If these girls are raped and become pregnant .. because they are too small and get damaged…often they need to spend a long time in hospital and their families cannot afford this.

Refugee woman, 2019

The reductions in humanitarian aid are leading to a much higher rate of child and early marriage and its consequences, including girls too young to give birth, bearing children. The loss of hospitals and distances which need to be traversed to reach them means that very young pregnant girls are not getting the prenatal support (or nutrition) they need. Girls are also beginning to show signs of malnutrition. Young girls often are allocated the task of collecting water, and this puts them in danger of harassment as they move through the camp and wait in queues. Teenage girls are reacting to the pressures and showing signs of anxiety and depression or going out of the camp to work illegally in places that expose them to a high risk of sexual exploitation.

Women 18 – 24 and 25 – 50 years:

Participants discussed problems in being able to get enough rations and cash to survive.  They were often requested to provide sex to landlords.

The owner’s brother asked her ‘You are a refugee, how you are rented the house?’, so she said ‘Your sister already know about this’. So the police offer said ‘OK, you can stay our house rental period if I ask to sex with me you can continue stay in the house’.

Refugee woman, 2019

It was discussed that only having a UNHCR card as identity made women very vulnerable to this sort of abuse, as the landlords thought they could abuse them with impunity, and there is a high level of difficulty in securing rental accommodation.

The women reported that at times they could not get enough food for their families, or medicine or transport.  While they did have access to local hospitals, they discussed being sexually abused by guards and medical personnel.

… sometimes the Doctors do the harassment – This is really happen!

Refugee woman, 2019

Often women could not afford medication and this forced them to take and to remain in employment where they were being sexually abused but saw no alternative.

These women are of childbearing age, and there is no affordable health care for them, so things go wrong

Refugee woman, 2019

Women reported that there was only short term shelter available for women fleeing violence.  This was also not safe, with many cases of rape and harassment in the shelter.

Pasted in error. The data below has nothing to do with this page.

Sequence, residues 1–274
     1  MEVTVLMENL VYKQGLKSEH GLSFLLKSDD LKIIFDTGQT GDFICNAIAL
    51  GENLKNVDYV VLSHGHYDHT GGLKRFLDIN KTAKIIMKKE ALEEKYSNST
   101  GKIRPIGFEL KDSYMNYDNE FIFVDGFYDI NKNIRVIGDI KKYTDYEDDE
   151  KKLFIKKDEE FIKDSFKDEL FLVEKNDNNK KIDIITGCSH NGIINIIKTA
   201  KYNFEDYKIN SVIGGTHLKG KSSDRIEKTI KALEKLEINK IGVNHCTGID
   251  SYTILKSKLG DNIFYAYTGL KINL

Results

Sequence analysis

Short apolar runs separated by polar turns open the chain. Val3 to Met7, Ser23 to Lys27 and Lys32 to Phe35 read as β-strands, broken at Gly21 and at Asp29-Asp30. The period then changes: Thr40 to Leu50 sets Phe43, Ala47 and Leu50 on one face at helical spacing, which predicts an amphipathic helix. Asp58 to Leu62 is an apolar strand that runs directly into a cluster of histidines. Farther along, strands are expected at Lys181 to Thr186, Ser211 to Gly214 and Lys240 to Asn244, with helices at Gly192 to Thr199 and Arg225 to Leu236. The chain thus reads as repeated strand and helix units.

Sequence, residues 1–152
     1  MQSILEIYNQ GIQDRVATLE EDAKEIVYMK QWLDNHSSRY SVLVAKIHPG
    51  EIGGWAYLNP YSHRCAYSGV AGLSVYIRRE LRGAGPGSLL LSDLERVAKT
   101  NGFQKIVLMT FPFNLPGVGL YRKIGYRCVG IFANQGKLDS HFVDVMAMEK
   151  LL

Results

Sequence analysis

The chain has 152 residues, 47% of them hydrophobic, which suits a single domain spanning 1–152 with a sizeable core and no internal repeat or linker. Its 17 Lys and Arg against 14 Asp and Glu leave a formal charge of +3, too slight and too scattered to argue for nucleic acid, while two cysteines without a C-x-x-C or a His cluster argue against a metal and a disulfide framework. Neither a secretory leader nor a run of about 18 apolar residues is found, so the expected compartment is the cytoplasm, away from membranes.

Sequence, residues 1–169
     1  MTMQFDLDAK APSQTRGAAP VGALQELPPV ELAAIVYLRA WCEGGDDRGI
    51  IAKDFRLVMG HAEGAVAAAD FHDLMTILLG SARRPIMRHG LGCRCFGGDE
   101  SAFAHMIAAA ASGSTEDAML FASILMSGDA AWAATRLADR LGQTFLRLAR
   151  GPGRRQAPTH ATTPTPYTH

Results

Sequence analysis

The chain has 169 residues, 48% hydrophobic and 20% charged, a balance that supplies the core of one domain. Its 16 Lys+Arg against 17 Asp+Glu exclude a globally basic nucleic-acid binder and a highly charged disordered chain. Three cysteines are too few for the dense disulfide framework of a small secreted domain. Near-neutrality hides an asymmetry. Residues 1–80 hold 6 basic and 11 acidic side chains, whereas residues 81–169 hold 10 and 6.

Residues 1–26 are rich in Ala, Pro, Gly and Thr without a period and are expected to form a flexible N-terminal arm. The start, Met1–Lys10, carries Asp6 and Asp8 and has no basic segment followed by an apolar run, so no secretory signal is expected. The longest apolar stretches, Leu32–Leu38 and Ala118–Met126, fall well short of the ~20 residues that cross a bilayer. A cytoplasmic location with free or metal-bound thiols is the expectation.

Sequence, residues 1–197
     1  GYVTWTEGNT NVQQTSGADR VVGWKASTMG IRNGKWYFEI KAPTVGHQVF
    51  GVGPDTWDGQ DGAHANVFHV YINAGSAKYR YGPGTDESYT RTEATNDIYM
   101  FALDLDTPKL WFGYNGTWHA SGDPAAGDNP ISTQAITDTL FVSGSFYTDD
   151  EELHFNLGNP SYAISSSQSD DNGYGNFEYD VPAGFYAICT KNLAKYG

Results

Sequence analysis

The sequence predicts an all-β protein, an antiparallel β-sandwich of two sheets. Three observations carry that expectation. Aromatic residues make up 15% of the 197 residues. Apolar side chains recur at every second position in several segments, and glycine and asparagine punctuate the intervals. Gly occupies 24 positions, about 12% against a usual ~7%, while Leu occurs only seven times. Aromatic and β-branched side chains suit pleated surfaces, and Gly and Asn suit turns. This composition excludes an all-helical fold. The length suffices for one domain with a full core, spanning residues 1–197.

They are advised to go and find a job, but if they do, there is no one to look after the children.  They just have to leave them in an unsafe space while they work. After one month the women have to leave and often return to their abusive husbands because they have nowhere else to go

Reductions in energy provision and Infrastructure have been exacerbated by the reductions of services. In the dry season, women and children often queue all day to find that there is no water when they get to the front of the queue. Some are having to scavenge for food. The standard of housing is deteriorating because of a lack of building materials. Inadequate charcoal supply means that if a family cannot reach the few filtered water pumps, they are not able to boil the water they drink unless they leave the camps to forage for firewood. These conditions are forcing many women to work illegally outside the camps. Others are resorting to survival sex as a means to feed their families. The inadequate supply of all basic provisions is causing stress, family conflict and mental health problems, and women reported a large increase in suicide and suicidal thoughts. The large increase in drug and alcohol use and its impacts was a major theme. Women reported that while it is mainly a male problem, some women were also using drugs and alcohol, and so the impacts cut across all age groups. It is having an extremely negative effect on family life, causing an increase in DV, and using scarce family resources. Younger children are taking the example of their older siblings, and starting to take drugs at an early age. This all increases the burden of responsibility already carried by the women. The lack of building materials is leading to constantly decreasing standards of shelter, made worse in the wet season, and increased insecurity in the refugees’ homes.

Older Women:

As already marginalised and stigmatised groups, the participants saw the situation of these women as very similar. They experienced additional difficulties because of the reduction in humanitarian aid to those living in families and suffered more SGBV when trying to fulfil their most basic needs. It was reported that even if they could acquire building materials often there was no one to assist them to repair their houses. The elderly and those with disabilities were often isolated because of the poor state of roads and pathways.

There are no specialised physical or mental health care services available to this group, many of whom have been in exile for years. They have a lot of health issues but cannot afford to get help.

LBTI Women

As already marginalised and stigmatised groups, the participants saw the situation of these women as very similar.